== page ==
Design and Technology forms part of the Technology Department.
The Design and Technology Department is an enthusiastic and dedicated curriculum area of specialist teachers. We are committed to encouraging and developing creative flair and a passion for problem solving in our young people at St Michael’s.
We aim to support our students in developing the skills, confidence, and competence to take risks to help them become resourceful, innovative, enterprising, and capable citizens, both individually and as members of a team. They will acquire a broad range of subject knowledge and draw on disciplines across the STEAM curriculum, such as mathematics, science, engineering, computing and art. Design and Technology is an inspiring, rigorous, and practical subject, and students develop strong values on aesthetic, moral, social, cultural, and environmental issues. They learn to judge this through the evaluation and appreciation of both contemporary and historical designers. We believe that, by the time they leave Saint Michael’s, they will have acquired the attributes to fully prepare them to approach their future with confidence and resilience; building life skills in Body, Mind and Spirit.
Years 7, 8 and 9
Design and Technology is part of the Art and Technology carousel in Years 7, 8, and 9. In the rotations, pupils will have the opportunity to experience both workshop and computer suite environments. Christian values will form the basis for each of the projects the pupils experience.
In Year 7 the pupils will design a wooden key fob mobile phone stand. They will also be introduced to CADCAM software and machinery, using Techsoft Design to create their own graphics in the style of Charles Rennie Mackintosh, which will then be added to their key fob using the laser cutter. They will learn the Health and Safety issues linked to working in a workshop and then develop their practical skills cutting softwood by hand using hand saws and files, and using machinery including the belt sander and the pillar drill.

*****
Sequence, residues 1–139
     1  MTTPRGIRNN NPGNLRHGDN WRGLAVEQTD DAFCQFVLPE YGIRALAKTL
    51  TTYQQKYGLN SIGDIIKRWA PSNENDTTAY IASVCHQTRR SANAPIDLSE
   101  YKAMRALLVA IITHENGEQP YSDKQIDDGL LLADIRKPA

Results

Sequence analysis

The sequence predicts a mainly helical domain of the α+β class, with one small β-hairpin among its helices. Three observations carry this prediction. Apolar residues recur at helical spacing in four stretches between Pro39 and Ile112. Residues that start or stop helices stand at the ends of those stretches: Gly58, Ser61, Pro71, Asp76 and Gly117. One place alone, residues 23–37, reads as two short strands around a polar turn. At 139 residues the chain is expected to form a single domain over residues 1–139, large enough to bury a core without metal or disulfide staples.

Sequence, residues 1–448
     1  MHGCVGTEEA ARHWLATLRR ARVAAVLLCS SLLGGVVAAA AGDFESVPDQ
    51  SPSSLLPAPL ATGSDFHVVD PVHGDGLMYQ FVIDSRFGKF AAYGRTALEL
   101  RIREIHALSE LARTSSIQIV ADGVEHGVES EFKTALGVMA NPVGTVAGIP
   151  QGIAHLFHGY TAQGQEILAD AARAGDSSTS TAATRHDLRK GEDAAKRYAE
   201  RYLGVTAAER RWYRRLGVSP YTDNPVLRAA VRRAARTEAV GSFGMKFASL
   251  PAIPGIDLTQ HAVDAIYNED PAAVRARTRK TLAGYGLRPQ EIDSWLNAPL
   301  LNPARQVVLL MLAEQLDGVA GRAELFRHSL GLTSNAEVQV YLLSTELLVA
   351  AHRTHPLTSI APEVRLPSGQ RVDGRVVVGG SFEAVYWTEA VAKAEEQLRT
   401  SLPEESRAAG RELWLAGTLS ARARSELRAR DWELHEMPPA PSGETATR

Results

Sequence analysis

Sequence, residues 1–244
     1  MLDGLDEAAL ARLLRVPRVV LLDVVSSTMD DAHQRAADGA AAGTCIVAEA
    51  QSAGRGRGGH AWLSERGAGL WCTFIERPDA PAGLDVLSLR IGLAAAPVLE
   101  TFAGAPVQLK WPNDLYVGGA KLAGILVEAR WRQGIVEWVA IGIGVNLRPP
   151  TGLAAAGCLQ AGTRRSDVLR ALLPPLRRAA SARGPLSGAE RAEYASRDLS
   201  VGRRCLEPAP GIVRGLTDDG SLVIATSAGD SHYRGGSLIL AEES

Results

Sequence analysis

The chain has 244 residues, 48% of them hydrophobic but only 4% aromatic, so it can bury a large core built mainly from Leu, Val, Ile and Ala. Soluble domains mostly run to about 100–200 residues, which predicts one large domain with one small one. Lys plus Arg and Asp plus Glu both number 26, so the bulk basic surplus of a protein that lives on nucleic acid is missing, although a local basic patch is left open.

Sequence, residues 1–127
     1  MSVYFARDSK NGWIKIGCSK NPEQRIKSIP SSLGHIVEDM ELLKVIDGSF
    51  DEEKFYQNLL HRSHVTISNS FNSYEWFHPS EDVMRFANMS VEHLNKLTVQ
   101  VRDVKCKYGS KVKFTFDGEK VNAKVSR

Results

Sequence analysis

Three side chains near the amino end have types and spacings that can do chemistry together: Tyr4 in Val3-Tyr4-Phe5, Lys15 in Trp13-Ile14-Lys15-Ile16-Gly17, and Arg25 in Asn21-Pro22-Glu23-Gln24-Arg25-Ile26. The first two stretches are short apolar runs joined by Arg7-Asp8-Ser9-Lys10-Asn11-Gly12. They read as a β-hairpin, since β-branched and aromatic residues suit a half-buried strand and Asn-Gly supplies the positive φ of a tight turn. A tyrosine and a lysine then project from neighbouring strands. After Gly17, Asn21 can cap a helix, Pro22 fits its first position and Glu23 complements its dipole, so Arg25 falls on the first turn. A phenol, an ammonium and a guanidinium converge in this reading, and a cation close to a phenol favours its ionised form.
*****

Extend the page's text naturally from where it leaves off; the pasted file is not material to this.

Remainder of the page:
In Year 8 the pupils focus on solving a problem in a creative way by developing a lamp that uses a recycled tin can. They are introduced to electronics and learn how to solder a basic circuit to power the lamp using an LED. They will develop their practical skills to create the adjustable frame. In-depth packaging research helps them design their own using Photoshop, taking the physical properties of the material into account. Again, the links between the two specialist areas helps the pupils to create a complete product and brand.
In Year 9 pupils are introduced to 3D printing in the design and make of an inclusive game aimed at those with visual impairment. Through first-hand experience they will gain the insight to help them create a new game or modify an existing one so that those with visual impairment could join in. Pupils will learn Onshape and Cura to help them use the 3D printers to make parts of the game. They will build on their Photoshop skills to design the game board.
Years 10 and 11
Pupils who choose this subject as an option follow the AQA GCSE Design and Technology Course (www.aqa.org.uk).
In Year 10 they will cover a range of different projects where they will develop their design and making skills. The projects include an inclusive pizza cutter to developing a prototype for a lighting solution, extending the skills they learnt through the lower years whilst introducing them to the needs of the NEA element of the GCSE. Within the single lessons pupils will be taught the core theory through a range of short hands-on projects.
In Year 11 the pupils will begin their Non-Exam Assessment (worth 50% of the total GCSE grade.). The final 2hr exam, also worth 50%, will take place in the June of Year 11. This will test pupils’ knowledge of core and specialist material areas as well as their understanding of sustainability, ergonomics, designing and making principles.
Design and Technology Learning Schemes